How To: Fake an HDR picture in Lightroom

After attending a conference by the great and powerful Scott Kelby on Camera Raw, I happened upon a really cool trick for faking HDR pictures in Lightroom (aka Camera Raw — the sliders are all basically the same). So, it takes approximately 30 seconds and some fiddling around with the sliders but the result is fun and ten times easier than the traditional HDR set-up.

So we’re going to start with this picture, a lovely image of the setting sun over the Ponte Vecchio in Florence. Sigh.  Nothing like slowly enjoying a yummy frutti di bosco gelato while watching this lovely scene.  But anyway…here’s the unprocessed image…drumroll please…

….annnnnd, that’s not too impressive is it?  Let’s get some stats on this baby, just for reference.  Shot with a Nikon D700, 24-70 f/2.8 lens at 44mm, ISO 100, 1/200 at f/9.0.

Anyway, because I shot this in Camera Raw, there’s actually a lot I can do to make this look better in Lightroom.  But I don’t want ordinary better.  I want crazy, surreal HDR-like sunset, with colors popping and everything crisp and wild. So:

STEP 1:

I move over to Develop mode in Lightroom (the equivalent of opening the image up in Camera Raw) and the very first thing I want to do is adjust camera calibration.  To do this, I’m going to slide all the way down to the bottom of my options under Develop until I get to Camera Calibration.  (This will not work with a jpeg — has to be Camera Raw.  Always shoot in Camera Raw. Always.)

And I’m going to pick “Camera Vivid” under Profile (It defaults to Adobe Standard, which looks kinda crappy usually). (9 times out of 10 I pick Camera Vivid for my workflow.)  Here’s a screen print of what I’m talking about.

STEP 2:

Now I’m going to adjust my color treatment sliders. So, I’m going to scroll back up to the top of the develop module and there are 5 sliders I’m going to use to make some magic: Recovery, Fill Light, Blacks, Contrast, and Clarity.  Here are the 4 I’m always going to do the same thing with:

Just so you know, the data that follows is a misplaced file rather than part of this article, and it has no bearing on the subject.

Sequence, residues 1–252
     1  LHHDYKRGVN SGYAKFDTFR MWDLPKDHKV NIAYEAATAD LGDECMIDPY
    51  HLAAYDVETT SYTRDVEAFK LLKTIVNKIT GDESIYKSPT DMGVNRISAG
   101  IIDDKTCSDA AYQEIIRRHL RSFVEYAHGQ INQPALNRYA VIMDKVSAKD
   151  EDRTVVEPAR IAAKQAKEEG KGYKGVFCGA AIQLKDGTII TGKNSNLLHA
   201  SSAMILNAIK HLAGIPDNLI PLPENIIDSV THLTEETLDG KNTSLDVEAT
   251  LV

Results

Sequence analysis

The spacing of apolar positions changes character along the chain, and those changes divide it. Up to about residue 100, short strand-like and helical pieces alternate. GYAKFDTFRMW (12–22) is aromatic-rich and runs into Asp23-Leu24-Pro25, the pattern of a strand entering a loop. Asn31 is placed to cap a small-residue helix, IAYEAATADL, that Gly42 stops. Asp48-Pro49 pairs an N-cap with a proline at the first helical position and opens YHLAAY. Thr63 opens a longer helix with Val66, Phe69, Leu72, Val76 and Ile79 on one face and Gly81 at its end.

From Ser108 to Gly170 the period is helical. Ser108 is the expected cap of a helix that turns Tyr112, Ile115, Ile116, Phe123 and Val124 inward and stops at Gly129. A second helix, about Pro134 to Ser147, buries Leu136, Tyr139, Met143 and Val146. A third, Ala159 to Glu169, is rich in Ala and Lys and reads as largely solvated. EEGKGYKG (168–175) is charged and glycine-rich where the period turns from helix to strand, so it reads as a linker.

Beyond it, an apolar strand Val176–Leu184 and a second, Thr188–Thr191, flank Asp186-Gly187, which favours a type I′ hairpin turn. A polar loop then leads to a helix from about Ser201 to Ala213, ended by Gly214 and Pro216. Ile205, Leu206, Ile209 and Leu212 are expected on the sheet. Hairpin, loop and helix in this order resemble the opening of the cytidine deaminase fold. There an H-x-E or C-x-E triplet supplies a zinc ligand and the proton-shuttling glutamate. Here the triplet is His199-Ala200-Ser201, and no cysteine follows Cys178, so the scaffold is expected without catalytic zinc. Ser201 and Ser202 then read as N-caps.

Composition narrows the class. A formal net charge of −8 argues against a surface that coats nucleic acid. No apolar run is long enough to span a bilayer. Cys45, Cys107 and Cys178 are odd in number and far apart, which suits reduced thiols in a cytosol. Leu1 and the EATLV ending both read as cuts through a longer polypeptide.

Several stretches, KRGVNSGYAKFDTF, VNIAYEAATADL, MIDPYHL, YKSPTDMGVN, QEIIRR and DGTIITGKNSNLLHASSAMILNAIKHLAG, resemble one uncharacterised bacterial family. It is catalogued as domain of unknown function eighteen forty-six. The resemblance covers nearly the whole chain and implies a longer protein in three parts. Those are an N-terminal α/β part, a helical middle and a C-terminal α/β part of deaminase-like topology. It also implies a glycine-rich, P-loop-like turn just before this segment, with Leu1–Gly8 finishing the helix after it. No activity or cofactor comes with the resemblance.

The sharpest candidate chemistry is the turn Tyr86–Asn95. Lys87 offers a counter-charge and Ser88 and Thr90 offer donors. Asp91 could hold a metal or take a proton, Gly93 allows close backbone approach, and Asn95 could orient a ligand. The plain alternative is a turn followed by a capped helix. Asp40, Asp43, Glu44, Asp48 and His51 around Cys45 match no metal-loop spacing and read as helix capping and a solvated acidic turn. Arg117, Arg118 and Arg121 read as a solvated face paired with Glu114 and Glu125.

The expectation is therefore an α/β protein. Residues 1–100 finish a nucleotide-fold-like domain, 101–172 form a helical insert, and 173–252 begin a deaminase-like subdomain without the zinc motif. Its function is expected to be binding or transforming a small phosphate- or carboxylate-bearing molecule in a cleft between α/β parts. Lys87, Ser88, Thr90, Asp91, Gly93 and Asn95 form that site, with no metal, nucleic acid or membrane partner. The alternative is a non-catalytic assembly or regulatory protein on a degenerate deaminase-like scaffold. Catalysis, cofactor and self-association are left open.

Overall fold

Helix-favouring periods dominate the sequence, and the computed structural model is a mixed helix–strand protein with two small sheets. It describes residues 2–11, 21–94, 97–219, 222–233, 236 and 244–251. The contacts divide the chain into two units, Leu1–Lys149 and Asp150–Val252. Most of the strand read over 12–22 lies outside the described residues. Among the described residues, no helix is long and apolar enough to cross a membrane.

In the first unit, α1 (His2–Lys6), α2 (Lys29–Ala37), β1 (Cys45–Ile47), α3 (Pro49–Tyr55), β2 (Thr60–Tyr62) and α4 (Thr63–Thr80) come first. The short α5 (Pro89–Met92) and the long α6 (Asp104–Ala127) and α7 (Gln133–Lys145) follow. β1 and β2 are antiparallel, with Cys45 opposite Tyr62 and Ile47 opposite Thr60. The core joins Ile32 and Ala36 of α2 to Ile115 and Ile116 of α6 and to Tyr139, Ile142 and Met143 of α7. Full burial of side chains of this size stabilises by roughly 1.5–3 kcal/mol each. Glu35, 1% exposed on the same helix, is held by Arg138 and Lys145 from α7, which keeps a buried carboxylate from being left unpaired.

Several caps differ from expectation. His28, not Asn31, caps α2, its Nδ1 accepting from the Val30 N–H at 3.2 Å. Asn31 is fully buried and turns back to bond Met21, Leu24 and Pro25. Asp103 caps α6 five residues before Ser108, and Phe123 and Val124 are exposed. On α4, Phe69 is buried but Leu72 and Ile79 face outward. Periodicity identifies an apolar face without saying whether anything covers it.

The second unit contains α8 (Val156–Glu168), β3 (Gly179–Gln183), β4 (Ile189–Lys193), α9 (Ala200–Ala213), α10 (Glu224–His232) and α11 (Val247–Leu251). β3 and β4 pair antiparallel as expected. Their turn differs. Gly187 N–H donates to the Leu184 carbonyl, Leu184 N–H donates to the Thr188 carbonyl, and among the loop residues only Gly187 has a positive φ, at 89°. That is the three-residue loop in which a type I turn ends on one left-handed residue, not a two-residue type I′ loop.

Recovery: 100

Fill Light: 100

Contrast: 100

Clarity: 100

Blacks I adjust according to the lightness of the original picture.  This image was pretty dark to begin with, so I’m only going to set blacks to 56 this time. A lot of the time I just default to 100 and then pull it back until it looks the way I want it to.

Here’s another screen print: And…whala!  I am DONE!  If I want to, I can go to Tone Curve and adjust contrast, or scoot this image over to Photoshop and apply some filters, but this looks pretty good already.  For good measure and color popping, I also upped the saturation to 12 here, just because I’m a little kooky about color tonight.  It’s getting to be my bedtime. Here’s the end result:

…which is, of course, exactly how I remember it looked when I took the picture. ;)

The END!!

  • Ryan Lally

    First one to comment? Sweet!

    Awesome picture–both before and after your tweaks. You’re quite the talented artist, Annabelle. Keep up the great work.

  • Ryan Lally

    First to comment? Sweet!

    Awesome pictures–both before and after your tweaks. You’re quite the talented artist, Annabelle. Keep up the great work!

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